4. Taking Part. Key concept--Womm is "as much about customer service as it is about marketing." Online conversations--positive or negative--can spread quickly. Sernovitz says there are two risks in not taking part in these conversations: "word of mouth dies" or "goes negative." ISearch engines make it easy to see who's talking about you online. Google Alerts is one I use. It sends me an email telling me if anyone has mentioned me in a blog post. Don't be shy when this happens, Sernovitz says. Take time to visit the blog and say thank you if someone spoke well of your product. "Fixing problems is the most powerful marketing you can do," he says. "A formerly unhappy customer who is made happy tells 1o people." It's a little hard for an author to "fix" it when someone posts a negative review of your book. It's not like we sold someone a broken widget and can just replace it for free. But given that "unhappy customer turned happy" statement is a "key rule of thumb" for womm, it does make me think. What can I do in that situation. Is there a way in which I can take part in the conversation to make it more positive? Worth thinking about.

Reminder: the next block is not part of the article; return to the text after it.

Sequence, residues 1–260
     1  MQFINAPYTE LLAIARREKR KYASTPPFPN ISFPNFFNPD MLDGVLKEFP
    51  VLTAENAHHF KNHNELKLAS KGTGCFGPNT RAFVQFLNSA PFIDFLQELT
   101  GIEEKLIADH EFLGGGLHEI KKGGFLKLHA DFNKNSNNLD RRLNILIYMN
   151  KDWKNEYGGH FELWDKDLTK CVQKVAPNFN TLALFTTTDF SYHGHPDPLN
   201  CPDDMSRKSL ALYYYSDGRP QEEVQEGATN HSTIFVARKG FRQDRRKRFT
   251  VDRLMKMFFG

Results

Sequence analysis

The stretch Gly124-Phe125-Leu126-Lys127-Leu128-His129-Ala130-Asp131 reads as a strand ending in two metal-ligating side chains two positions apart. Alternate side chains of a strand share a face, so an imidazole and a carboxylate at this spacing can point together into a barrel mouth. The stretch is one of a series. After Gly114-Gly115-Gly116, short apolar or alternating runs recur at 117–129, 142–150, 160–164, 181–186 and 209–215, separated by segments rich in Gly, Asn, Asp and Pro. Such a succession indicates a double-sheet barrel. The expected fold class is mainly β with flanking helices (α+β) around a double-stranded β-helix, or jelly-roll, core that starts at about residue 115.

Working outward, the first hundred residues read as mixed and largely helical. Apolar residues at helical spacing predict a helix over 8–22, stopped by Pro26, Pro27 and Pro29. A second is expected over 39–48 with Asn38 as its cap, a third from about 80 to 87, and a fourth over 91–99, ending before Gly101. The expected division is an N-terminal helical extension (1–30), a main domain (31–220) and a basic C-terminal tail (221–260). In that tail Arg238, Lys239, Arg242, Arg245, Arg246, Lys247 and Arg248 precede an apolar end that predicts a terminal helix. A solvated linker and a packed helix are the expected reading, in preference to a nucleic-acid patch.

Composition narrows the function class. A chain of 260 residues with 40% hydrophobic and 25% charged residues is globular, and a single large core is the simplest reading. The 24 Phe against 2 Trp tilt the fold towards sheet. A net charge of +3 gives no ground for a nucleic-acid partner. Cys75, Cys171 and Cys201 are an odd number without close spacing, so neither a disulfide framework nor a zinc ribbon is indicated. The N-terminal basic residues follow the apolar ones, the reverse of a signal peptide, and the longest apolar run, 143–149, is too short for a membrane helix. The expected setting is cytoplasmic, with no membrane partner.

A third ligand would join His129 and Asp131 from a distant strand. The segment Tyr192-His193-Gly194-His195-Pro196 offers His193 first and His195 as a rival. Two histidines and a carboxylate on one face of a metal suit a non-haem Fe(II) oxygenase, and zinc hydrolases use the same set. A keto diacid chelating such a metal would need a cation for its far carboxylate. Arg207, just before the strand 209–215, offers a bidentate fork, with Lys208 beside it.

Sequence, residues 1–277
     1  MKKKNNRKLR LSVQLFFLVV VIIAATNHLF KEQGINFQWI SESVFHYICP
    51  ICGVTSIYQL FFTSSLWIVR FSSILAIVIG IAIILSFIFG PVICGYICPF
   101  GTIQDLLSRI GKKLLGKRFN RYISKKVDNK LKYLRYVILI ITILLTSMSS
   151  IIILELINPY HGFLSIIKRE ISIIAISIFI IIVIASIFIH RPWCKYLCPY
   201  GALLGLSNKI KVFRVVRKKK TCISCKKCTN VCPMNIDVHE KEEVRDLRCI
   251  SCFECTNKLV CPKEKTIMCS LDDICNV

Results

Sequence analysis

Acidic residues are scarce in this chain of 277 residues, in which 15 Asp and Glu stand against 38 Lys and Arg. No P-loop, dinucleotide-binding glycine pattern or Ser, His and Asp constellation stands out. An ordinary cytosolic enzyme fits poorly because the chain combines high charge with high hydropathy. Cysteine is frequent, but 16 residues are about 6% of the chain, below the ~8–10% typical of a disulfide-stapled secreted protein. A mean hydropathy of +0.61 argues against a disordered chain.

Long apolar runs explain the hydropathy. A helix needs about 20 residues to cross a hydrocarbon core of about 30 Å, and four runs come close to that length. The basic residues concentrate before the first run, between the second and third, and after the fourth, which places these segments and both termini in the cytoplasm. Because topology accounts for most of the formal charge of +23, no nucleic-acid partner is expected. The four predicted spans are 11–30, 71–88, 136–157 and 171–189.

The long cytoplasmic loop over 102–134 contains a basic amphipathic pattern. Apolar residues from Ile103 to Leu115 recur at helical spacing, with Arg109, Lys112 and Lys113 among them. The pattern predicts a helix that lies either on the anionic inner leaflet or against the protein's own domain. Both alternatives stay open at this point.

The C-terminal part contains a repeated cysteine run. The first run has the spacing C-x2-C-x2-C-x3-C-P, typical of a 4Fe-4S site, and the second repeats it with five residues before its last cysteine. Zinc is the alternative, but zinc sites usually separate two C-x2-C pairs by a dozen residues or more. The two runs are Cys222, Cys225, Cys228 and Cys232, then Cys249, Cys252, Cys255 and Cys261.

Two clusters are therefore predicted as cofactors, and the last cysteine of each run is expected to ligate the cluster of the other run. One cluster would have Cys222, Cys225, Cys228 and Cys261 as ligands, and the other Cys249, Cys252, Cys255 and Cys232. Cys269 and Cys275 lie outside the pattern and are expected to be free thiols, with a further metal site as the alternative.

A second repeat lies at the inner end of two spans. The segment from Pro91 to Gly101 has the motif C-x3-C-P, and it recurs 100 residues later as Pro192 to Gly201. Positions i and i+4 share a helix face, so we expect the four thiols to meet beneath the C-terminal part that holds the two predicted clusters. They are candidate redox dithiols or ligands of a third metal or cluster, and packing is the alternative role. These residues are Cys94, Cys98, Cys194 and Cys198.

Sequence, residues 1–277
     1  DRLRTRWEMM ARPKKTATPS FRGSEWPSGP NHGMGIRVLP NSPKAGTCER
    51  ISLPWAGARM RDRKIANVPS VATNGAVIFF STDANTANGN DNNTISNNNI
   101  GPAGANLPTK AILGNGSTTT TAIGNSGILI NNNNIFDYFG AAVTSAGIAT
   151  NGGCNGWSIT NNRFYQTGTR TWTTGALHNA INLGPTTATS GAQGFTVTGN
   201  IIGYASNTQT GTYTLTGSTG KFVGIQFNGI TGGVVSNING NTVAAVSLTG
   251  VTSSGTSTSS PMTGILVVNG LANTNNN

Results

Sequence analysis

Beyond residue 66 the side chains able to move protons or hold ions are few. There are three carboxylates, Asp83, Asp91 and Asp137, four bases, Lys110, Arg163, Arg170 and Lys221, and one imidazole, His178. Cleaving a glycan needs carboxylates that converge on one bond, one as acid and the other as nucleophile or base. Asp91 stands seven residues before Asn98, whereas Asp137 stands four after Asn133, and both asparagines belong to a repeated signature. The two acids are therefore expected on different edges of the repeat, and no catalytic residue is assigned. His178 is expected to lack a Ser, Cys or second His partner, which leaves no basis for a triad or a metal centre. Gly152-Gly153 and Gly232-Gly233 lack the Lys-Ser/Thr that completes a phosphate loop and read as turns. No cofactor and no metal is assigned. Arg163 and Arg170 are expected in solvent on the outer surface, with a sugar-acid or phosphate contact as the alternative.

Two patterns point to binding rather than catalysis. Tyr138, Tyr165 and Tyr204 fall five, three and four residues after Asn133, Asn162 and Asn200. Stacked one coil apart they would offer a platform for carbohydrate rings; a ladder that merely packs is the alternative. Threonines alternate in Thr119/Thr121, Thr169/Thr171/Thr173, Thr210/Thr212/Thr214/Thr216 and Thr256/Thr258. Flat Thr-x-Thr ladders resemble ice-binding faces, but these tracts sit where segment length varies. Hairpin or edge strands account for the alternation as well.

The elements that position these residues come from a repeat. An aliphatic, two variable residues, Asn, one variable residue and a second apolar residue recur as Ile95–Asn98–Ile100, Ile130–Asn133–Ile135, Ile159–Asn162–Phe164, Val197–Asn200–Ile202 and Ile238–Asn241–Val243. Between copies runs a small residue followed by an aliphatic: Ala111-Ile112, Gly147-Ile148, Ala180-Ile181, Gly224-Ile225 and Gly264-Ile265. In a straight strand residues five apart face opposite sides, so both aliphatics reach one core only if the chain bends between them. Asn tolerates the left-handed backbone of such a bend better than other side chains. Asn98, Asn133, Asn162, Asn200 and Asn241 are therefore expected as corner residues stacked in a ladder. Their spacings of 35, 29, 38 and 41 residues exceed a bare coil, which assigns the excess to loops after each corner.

5. Tracking--Measuring and understanding what people are saying about you. When you track womm, you can assess such things as who is talking, what tools they are using, and what topics are working for you. Among other things Sernovitz advocates using search engines and encouraging feedback. The last one is interesting to me. Makes my mind start turning. How can I better encourage feedback on my products?